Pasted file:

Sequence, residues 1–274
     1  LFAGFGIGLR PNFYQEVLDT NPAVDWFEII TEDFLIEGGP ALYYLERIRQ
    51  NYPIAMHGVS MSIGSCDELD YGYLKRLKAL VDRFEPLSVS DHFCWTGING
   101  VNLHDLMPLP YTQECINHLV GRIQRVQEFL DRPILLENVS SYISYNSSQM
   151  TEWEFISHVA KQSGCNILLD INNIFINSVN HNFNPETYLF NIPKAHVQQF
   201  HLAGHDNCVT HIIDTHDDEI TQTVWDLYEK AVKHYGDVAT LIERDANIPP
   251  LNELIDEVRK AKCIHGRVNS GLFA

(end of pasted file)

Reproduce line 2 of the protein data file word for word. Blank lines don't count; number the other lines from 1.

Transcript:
     1  LFAGFGIGLR PNFYQEVLDT NPAVDWFEII TEDFLIEGGP ALYYLERIRQ